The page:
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Archive for September, 2014

Marcus Foundation Gift Will Enhance Grady Health System’s Emergency Department and Stroke Center

Tuesday, September 30th, 2014

The Marcus Foundation has awarded Grady Health System $30 million to help fund the expansion of the Grady Emergency Department and The Marcus Stroke and Neuroscience Center. $20 million will go towards the construction of Grady’s new $76 million Emergency Center. $10 million will be used to renovate existing hospital space to establish a multi-disciplinary outpatient center, expanding the scope of the Marcus Stroke and Neuroscience Center.

“This incredibly generous gift brings the Marcus Foundation’s total investment in Grady to $50 million since 2009. The state-of-the-art Marcus Stroke and Neuroscience Center and the Marcus Trauma Center have saved thousands of lives. This new funding will allow Grady to enhance its role as the state’s leading provider of emergency care and make our outpatient neurology services among the best in the nation,” said Grady President and CEO John Haupert.

“Our continued support is a testament to our firm belief that Grady is essential to the health and well-being of not just Atlanta and the metro area, but the entire state of Georgia. By helping to create and expand its nationally and internationally renowned emergency and stroke services, The Marcus Foundation is making an investment that we believe will make Grady the national standard of emergency care,” said Bernie Marcus, Marcus Foundation Chairman.

Work on the Emergency Department expansion and redesign began in March 2014 and is expected to be completed in 2016. The Marcus Foundation gift will be combined with $50 million in other philanthropic donations to fund the project. A start date has not been set for the Marcus Stroke and Neuroscience Center expansion.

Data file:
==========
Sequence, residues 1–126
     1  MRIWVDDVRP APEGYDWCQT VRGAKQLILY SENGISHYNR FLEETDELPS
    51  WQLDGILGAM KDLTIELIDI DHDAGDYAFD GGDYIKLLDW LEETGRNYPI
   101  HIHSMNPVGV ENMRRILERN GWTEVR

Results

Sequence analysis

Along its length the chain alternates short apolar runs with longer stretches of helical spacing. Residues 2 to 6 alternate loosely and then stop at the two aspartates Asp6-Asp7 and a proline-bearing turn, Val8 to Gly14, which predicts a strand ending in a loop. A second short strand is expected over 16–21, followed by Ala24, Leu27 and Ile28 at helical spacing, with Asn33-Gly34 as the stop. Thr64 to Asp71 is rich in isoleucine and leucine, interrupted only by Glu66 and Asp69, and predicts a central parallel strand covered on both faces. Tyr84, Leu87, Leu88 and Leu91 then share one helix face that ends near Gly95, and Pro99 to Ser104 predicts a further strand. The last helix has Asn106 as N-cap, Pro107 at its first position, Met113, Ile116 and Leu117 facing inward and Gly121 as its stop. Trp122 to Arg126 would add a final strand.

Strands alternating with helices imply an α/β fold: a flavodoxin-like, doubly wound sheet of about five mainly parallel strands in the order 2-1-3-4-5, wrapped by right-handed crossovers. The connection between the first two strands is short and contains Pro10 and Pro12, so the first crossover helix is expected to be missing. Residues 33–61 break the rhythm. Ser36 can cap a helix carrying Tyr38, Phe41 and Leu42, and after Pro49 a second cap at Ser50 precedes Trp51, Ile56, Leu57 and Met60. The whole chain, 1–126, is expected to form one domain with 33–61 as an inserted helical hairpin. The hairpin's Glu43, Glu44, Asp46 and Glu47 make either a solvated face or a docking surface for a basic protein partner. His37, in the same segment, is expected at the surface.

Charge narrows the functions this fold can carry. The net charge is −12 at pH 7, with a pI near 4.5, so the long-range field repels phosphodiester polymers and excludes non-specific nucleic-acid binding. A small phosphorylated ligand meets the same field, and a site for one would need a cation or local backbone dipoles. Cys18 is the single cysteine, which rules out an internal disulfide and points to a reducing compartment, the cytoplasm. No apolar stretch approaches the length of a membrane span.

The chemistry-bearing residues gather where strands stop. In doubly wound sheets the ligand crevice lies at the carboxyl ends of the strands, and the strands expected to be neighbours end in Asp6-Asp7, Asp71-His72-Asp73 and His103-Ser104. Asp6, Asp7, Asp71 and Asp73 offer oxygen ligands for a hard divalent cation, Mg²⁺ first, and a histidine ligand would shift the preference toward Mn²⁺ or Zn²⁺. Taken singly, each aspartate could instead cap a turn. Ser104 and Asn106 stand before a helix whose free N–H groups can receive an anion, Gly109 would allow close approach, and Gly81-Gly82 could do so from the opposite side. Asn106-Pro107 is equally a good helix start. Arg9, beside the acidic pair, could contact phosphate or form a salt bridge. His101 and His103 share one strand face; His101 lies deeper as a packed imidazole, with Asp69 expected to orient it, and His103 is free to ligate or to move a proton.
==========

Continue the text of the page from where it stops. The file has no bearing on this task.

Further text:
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Gary E. Myerson, M.D.

Monday, September 29th, 2014
Gary E. Myerson, M.D.

Gary E. Myerson, M.D.

Dr. Myerson is a Founding Fellow of the American College of Rheumatology and is an active participant of the Arthritis Foundation. He also serves on the Medical Staff as Team Rheumatologist for the Atlanta Falcons Football Club. Dr. Meyerson practices with the Arthritis and Rheumatology of GA.

Dr. Myerson wrote Understanding the Immune Response From ATLANTA Medicine, 2012, Rheumatology, Vol. 83, No. 3

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Athan Tiliakos, D.O.

Monday, September 29th, 2014

Athan Tiliakos, MDDr. Athan Tiliakos graduated from the Kirksville College of Osteopathic Medicine and did his postgraduate training in Internal Medicine at Drexel University College of Medicine, where he also served as a Chief Medical Resident.  He underwent fellowship training at Emory University. Dr. Tiliakos is currently involved in clinical trials and epidemiologic research projects relating to Rheumatoid Arthritis and Systemic Lupus Eryhtematosus, with a particular interest in health disparities and their effects on disease outcomes. He teaches at the Emory School of Medicine and is particularly involved in clinical education at Grady Memorial.

Dr. Tiliakos wrote Giant Cell Arteritis: A Brief Review From ATLANTA Medicine, 2014, Immunology, Vol. 85, No. 3

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New Breast Cancer Treatment Options Boost Survival, Offer New Hope

Wednesday, September 24th, 2014

By Anita Johnson, M.D.

As a surgical oncologist focused on treating breast cancer, I see daily how devastating a breast cancer diagnosis can be. But I also see daily how new and often cutting-edge treatments give women the hope and courage they need to help manage or overcome the physical, mental and emotional challenges of breast cancer, and in many cases, beat the disease altogether.

One in eight women will develop breast cancer in her lifetime. While the leading risk factors are well known – older age, family history, mutations in certain genes – the most important risk factor for breast cancer is simply being a woman.